A Pastor, a Sexologist, and a Psychotherapist Send Two Lesbians into the “Sex Box”

A pastor, a psychotherapist, and a sexologist walk into a sex box. Or, rather, tell you to get in there and do your biz. There was a lesbian couple on Episode 2 of Sex Box last night, which gave us a great excuse to watch this not-as-scandalous as it sounds relationship advice show. Sex Box, WE’s new reality show which airs Fridays at 10pm ET/9pm CT, is billed as “a groundbreaking, unprecedented and life-changing way for couples in crisis to heal their sexual and emotional issues.” The premise of the so-called scientifically proven theory is that in the first 15 minutes after sex, people are able to open up and be honest with each other.

The couples come onstage in their normal clothes and talk to the panel of experts: Dr. Chris Donaghue, Sexologist and Clinical Psychotherapist; Dr. Fran Walfish, Relationship Psychotherapist and Dr. Yvonne Capehart, Pastor and Couples Counselor. Then, they go into the sound-proof, camera-free sex box to do their thing. When they are done, they come back out to talk again, but this time wearing a satin robe or pajama set (because it’s really important the studio audience and audience-at-home really gets that they just did it naked style).

So here we go. Just the ladyqueer parts of Sex Box, which you can watch online here, if your heart so desires. Meet Brittany and Sally, who got married at the Grammy’s during the Macklemore/Madonna number last year.

Chelsey, Editorial Assistant

First of all, throughout the episode they described going into the sex box as “a transformative experience” and noted that “this is [the couples’] best chance”. While I do feel like the concept of talking to couples after sex, while their endorphins are high and they are most likely to be open and honest is interesting and probably effective, I don’t think the actual time anyone spent in that box was the transformative moments for them, but rather it was the moments in which they confronted truths about their relationship that they hadn’t previously and made a plan for how to deal with them in the future. Sex was merely a tool to get them there, so focusing on their time in the box seems just a ploy to keep sex at the center of the conversation for ratings sake.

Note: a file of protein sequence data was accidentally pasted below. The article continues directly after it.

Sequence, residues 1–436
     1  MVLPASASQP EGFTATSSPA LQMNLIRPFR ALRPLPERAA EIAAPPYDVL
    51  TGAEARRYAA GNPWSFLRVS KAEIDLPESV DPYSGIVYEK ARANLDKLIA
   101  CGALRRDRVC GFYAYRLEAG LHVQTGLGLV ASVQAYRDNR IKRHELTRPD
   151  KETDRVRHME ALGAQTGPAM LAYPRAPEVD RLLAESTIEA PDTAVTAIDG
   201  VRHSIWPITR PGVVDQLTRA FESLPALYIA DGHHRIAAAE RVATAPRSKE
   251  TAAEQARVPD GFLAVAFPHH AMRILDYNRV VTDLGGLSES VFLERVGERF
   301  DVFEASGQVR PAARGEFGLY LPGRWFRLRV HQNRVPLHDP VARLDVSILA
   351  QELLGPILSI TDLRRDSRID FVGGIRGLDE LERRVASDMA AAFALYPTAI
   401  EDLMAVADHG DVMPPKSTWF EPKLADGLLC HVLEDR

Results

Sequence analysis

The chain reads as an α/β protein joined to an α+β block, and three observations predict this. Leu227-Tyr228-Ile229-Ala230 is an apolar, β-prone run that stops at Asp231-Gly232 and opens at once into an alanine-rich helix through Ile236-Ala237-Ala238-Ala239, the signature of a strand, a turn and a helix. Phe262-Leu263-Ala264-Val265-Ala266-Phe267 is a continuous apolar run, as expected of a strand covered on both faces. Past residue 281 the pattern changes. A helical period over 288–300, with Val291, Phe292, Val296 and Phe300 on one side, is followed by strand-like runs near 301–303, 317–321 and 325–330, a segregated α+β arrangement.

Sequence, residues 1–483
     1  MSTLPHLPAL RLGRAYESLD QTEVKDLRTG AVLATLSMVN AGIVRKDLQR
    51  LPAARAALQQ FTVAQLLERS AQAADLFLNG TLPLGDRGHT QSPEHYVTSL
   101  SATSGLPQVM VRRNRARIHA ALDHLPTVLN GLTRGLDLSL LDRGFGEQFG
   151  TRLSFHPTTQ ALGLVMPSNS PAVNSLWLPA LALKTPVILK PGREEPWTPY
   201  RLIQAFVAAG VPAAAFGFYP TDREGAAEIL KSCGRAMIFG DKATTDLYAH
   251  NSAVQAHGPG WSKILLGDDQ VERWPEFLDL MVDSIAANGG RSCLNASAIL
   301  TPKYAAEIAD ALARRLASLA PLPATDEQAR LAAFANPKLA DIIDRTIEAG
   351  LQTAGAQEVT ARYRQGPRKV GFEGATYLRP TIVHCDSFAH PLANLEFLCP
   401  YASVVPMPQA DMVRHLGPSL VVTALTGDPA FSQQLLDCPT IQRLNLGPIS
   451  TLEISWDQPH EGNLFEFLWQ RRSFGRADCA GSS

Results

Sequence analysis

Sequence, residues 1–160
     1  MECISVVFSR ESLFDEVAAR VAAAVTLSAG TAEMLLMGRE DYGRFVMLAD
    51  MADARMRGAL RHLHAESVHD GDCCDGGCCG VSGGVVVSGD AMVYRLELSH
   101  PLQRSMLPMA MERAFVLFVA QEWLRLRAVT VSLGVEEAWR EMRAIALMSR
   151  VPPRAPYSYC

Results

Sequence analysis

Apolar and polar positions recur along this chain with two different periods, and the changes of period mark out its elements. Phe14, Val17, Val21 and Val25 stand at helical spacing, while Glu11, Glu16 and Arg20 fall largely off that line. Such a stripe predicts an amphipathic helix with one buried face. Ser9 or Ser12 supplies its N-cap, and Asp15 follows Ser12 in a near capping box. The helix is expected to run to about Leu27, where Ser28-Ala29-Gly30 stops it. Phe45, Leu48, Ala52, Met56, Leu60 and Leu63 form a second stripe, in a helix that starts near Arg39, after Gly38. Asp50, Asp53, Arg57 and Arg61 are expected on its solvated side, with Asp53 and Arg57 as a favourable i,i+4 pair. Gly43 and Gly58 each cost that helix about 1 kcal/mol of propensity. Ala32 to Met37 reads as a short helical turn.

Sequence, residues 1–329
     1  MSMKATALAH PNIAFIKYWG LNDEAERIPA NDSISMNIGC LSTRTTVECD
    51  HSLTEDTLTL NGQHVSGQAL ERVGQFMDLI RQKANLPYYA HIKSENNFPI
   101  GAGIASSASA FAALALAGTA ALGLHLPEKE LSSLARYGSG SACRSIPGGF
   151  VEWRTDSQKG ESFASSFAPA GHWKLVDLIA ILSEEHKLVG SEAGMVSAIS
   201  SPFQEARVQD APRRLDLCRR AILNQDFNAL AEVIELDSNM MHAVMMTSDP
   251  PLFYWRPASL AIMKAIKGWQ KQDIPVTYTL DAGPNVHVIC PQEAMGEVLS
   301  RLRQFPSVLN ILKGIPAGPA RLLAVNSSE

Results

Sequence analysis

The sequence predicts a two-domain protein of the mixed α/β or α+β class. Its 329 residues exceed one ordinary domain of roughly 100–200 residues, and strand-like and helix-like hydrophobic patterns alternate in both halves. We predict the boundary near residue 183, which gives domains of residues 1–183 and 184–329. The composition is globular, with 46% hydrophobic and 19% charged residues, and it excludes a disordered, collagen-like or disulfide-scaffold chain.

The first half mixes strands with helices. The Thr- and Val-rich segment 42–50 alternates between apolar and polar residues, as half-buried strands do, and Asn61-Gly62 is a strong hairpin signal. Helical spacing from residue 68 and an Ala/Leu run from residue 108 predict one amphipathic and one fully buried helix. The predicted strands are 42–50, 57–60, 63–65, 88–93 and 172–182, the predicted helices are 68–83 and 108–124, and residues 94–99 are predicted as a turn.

As for the lesbian couple, Sally and Brittany, the show focused their issue on Sally’s mom not accepting her daughter being gay, and thus not accepting Brittany. They posit that acceptance is the center of their problem, and often play up moments with the pastor on the therapist panel. While I won’t undermine that this is serious issue that all LGBT people face when dealing with their families, it felt like a ploy to have a “gay plot” on the show, rather than the root of Sally and Brittany’s actual, real relationship issues.

After they are in the sex box, Brittany reveals that she cheated on Sally, and Sally blames herself for this for not opening up to Brittany more. This felt like a really important moment for them, and seemed like a lot more valid reason why they are having intimacy issues. The show’s panel, however, spent little time actually delving into Brittany’s infidelity, and instead quickly refocused back on the issue of Sally’s mom not accepting them. It felt trite to always center the story back on this one singular issue, when there were clearly a lot of other issues at play.